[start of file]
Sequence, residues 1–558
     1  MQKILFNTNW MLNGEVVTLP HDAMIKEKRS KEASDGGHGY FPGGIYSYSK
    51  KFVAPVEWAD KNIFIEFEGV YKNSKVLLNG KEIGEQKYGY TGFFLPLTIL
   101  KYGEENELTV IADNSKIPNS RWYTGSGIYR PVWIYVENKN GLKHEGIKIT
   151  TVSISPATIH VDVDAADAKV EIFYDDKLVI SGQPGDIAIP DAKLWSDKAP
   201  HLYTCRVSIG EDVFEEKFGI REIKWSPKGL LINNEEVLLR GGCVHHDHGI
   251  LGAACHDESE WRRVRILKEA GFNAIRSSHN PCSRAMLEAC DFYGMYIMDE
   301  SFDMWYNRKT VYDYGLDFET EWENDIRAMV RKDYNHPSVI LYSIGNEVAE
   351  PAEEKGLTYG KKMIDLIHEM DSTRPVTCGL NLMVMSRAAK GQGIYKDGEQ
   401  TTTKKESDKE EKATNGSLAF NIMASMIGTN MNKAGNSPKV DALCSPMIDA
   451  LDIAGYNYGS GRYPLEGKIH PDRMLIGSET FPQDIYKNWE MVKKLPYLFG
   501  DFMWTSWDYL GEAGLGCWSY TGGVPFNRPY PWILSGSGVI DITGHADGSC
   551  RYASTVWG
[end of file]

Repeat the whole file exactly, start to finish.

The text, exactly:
Sequence, residues 1–558
     1  MQKILFNTNW MLNGEVVTLP HDAMIKEKRS KEASDGGHGY FPGGIYSYSK
    51  KFVAPVEWAD KNIFIEFEGV YKNSKVLLNG KEIGEQKYGY TGFFLPLTIL
   101  KYGEENELTV IADNSKIPNS RWYTGSGIYR PVWIYVENKN GLKHEGIKIT
   151  TVSISPATIH VDVDAADAKV EIFYDDKLVI SGQPGDIAIP DAKLWSDKAP
   201  HLYTCRVSIG EDVFEEKFGI REIKWSPKGL LINNEEVLLR GGCVHHDHGI
   251  LGAACHDESE WRRVRILKEA GFNAIRSSHN PCSRAMLEAC DFYGMYIMDE
   301  SFDMWYNRKT VYDYGLDFET EWENDIRAMV RKDYNHPSVI LYSIGNEVAE
   351  PAEEKGLTYG KKMIDLIHEM DSTRPVTCGL NLMVMSRAAK GQGIYKDGEQ
   401  TTTKKESDKE EKATNGSLAF NIMASMIGTN MNKAGNSPKV DALCSPMIDA
   451  LDIAGYNYGS GRYPLEGKIH PDRMLIGSET FPQDIYKNWE MVKKLPYLFG
   501  DFMWTSWDYL GEAGLGCWSY TGGVPFNRPY PWILSGSGVI DITGHADGSC
   551  RYASTVWG